Monday, August 20, 2018

Thursday August 20, 1998 - Newfoundland

Trout River Pond
Trout River - clear and sunny, then clouding over and rainy

I got up early, around 5.20am Nova Scotia time (5.50am Newfoundland time) to get ready to debark. I spent a few minutes in the onboard museum reading excerpts from a diary of a family in which several generations worked on the ferry and kept notes. Once off the ferry I made breakfast for Yohan and me at the Visitors' Centre just outside Port aux Basques. There are no trees for miles, I suspect long since cut down for firewood.

I drove up the west coast and turned off on the road to Shallop Cove to follow the shore to Stephenville and then out on the Port au Port Peninsula. I took the backroad around Port au Port Bay to Lourdes and then turned around and went back. It is a very poor road, hilly, windy and not a lot to see. The weather was alternately rainy and sunny.

Getting back on the main road I drove into Corner Brook to get some cash and gas. It is the biggest town on this coast, a regular city centre. After leaving Corner Brook I continued on to Red Deer and then turned off on the road to Gros Morne (rt. 430). I reached Gros Morne around 3.30 or 4.00 pm.

On the advice of the Visitor Centre I decided to stay at the Trout River Pond campground. It took an hour to get there and it was rainy most of the time. The campground is set on a hill above the Pond, looking down the Trout River valley behind the Tablelands. Yohan and I walked down to the Pond, saw moose and bear tracks and a bog moose poop. "Ponds" here are lakes anywhere else. The Trout River Pond is actually two ponds, the campground being on the lower one. It is quite a spectacular view down the valley.

I went to bed early because of the rain.

Sunday, August 19, 2018

Wednesday August 19, 1998 - Nova Scotia

Petite Riviere - cool and cloudy, clearing later.



I got up early, around 8 am but everyone else slept in. The morning was peaceful, you could hear the ocean waves on the rocky beach in one direction and cows mooing in the other. We watched the loons out on the water. This is such a nice spot. The cabin was built in several stages as the family expanded. It's funny carpentry and not well laid out, but it's comfortable.



I hung around until 2 in the afternoon and then headed out to the ferry terminal in North Sydney. I stopped to withdraw cashe and buy dog food and gas, but otherwise drove straight through. I boarded the ferry to Port aux Basques just before midnight.



Yohan had to stay in the truck but I had booked a berth in a dormitory, which was a large room with 50 or so bunk beds. Each bunk had a narrow vinyl covered mattress, a pillow and a small grey wool blanket. I used my down sleeping bag and went right to sleep after trading bunks with a woman whose family was spread around the dormitory in several bunks.

Saturday, August 18, 2018

Tuesday August 18, 1998 - Nova Scotia

Petite Riviere - cool and cloudy.

We all slept in until the vegetable lady came at 11.30 am. She delivers fresh veggies, preserves and baked goods to the local cottages every Tuesday. I spent the day making oat cakes, vegetable buns, rice and veggies for my next upcoming trip to Newfoundland. Carolyn rented two movies that have seen before but liked: Mother and Rainmaker. We went to the Green Bay canteen for a supper of Digby clams and fish and chips. We were going to walk but the dogs were following us so we ended up driving. Carolyn's sister's cat Buttons showed up, her sister had forgotten to take the cat home with her. I fed the cat some of Yohan's food. I tried to call Sam again but I was 15 minutes too late, he had already left for Katimavik.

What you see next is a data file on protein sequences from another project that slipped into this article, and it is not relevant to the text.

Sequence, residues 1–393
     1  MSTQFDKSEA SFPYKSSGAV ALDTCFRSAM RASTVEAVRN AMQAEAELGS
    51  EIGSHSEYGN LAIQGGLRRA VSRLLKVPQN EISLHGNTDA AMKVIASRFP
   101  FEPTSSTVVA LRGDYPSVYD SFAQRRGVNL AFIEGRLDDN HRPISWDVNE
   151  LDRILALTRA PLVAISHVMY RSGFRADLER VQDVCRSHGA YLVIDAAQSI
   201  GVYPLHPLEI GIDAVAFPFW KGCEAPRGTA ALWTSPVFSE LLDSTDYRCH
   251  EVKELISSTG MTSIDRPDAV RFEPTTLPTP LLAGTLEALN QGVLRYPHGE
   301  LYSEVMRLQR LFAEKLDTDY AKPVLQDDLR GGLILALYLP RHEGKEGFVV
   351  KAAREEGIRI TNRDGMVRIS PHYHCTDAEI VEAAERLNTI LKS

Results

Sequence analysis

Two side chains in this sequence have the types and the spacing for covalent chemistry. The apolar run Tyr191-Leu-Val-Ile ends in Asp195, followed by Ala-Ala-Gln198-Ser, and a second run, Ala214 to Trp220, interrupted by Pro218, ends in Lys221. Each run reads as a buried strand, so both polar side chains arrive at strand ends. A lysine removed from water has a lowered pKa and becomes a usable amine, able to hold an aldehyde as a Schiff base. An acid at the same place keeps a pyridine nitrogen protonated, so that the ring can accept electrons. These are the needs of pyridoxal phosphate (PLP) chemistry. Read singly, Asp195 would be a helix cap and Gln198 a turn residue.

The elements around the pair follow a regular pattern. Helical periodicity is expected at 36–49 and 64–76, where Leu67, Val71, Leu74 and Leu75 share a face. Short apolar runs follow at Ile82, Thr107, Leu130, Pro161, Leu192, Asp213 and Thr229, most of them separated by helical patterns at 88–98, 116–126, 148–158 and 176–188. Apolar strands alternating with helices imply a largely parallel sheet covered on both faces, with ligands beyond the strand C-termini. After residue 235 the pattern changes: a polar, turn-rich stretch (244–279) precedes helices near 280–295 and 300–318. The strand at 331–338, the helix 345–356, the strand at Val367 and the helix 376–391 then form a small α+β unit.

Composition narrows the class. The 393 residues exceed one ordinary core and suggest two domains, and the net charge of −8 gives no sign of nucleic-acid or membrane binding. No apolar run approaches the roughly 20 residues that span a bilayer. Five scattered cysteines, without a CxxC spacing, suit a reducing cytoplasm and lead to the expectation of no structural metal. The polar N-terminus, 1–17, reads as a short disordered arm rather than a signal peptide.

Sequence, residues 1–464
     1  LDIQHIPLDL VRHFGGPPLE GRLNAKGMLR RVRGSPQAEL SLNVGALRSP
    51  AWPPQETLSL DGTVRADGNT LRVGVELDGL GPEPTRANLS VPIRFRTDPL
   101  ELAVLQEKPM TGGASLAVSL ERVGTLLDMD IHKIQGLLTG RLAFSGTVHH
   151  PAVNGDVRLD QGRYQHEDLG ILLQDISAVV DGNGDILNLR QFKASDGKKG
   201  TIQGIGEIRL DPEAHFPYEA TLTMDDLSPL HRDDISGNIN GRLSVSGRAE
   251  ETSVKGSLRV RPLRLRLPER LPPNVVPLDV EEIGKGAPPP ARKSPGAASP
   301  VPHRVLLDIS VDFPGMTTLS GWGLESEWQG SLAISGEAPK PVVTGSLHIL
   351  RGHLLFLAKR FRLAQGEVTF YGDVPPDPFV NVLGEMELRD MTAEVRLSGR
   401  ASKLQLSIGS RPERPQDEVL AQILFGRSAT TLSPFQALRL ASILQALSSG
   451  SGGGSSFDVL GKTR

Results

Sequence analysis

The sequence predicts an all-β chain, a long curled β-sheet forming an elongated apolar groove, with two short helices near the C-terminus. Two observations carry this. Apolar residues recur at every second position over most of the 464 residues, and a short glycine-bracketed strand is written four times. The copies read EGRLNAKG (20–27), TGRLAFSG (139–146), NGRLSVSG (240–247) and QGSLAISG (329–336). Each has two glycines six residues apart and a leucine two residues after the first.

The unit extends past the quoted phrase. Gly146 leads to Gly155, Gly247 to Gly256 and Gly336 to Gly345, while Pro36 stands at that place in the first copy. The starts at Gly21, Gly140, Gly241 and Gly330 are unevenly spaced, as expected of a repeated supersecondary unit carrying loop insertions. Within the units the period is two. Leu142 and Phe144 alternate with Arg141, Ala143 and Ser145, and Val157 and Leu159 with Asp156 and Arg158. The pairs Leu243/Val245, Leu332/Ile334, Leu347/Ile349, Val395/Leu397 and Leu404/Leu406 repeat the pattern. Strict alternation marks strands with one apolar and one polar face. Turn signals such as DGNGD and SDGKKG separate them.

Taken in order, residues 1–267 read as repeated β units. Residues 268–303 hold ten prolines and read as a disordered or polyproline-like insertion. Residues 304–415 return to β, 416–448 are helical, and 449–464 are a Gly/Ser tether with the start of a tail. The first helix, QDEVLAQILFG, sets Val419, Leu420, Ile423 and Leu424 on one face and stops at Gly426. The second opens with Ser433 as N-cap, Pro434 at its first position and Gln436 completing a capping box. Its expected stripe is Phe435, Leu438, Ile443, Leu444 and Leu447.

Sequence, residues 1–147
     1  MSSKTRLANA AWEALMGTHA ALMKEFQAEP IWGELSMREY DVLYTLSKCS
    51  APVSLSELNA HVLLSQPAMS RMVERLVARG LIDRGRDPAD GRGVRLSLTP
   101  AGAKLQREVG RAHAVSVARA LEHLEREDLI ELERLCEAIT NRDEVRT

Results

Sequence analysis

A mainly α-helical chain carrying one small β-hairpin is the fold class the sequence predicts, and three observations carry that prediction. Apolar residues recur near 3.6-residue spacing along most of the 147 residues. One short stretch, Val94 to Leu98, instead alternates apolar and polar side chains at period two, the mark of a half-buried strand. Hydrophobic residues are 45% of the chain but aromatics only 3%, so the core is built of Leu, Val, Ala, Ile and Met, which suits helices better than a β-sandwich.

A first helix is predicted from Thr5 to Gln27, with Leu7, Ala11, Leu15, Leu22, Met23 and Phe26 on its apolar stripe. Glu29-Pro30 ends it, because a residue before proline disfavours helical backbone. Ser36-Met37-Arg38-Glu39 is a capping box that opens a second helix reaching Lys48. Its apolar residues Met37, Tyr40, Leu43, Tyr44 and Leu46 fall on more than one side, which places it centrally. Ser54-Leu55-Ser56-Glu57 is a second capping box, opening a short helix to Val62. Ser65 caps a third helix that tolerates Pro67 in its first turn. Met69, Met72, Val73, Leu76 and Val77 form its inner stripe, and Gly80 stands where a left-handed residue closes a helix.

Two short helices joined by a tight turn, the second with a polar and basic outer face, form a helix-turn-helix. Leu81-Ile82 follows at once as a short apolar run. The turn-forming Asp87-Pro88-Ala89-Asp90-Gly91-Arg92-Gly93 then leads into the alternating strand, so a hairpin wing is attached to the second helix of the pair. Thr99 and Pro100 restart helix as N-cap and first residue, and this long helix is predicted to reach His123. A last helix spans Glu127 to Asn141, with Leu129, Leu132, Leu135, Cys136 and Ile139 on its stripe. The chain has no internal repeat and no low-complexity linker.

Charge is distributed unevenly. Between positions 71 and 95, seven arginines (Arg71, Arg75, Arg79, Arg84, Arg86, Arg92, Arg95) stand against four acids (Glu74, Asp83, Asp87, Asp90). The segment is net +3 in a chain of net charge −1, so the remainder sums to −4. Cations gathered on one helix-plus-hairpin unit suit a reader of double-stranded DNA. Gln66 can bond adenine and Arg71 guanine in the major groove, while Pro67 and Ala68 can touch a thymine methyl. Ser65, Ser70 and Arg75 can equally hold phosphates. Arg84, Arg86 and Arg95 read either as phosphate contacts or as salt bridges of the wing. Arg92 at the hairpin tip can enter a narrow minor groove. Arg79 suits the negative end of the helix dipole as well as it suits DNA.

Today was the most rain Nova Scotia has gotten since the spring, almost an inch fell.

Friday, August 17, 2018

Monday August 17, 1998 - Nova Scotia

Petite Riviere - sunny hot and humid, then clouding over and raining.

The plan is to go spend some time on the South Shore at Carolyn's family's cottage, but first I have to get the oxygen sensor installed at Kelly's. I took the truck in early and went across the road to have breakfast at Stirling's while I waited. Sometime after 9 am the job was completed but shortly after driving away the Check Engine light came on again so I drove back to the garage. This time they said it was a manifold air temperature sensor, and nobody around had one available. So I drove back to Fritz and Carolyn's and started phoning around to see if the part I needed was available in Halifax. There was one at a dealership on Bedford Highway. I drove to Halifax, got the part for $50, and then set out to Bridgewater in hopes that I could find someone who could install it there.

In Bridgewater I drove across town to a GM dealership, but they sent me back to Bob's Shell, who in turn sent me to Jerry's Petrocan on the same road as the GM dealership. Fortunately Jerry was not busy and could install the sensor. He charged me $8.

With that taken care of I headed to Petite Riviere and the cabin on Green Bay. I think I arrived there around 2 pm. Carolyn was already there and we just spent the rest of the afternoon sitting on the deck or walking on the beach. We had pitas and beer for lunch. Later we walked into the Petite general store with the dogs to get a movie. On the way back it started to rain. We had a late supper, pork chops, veggies and salad, and watched the movie. I forget what it was called but it was sappy. I tried phoning Sam but he wasn't home so I went to bed. It was still raining.

Thursday, August 16, 2018

Sunday August 16, 1998 - Nova Scotia


Wolfville - humid, sunny and hot.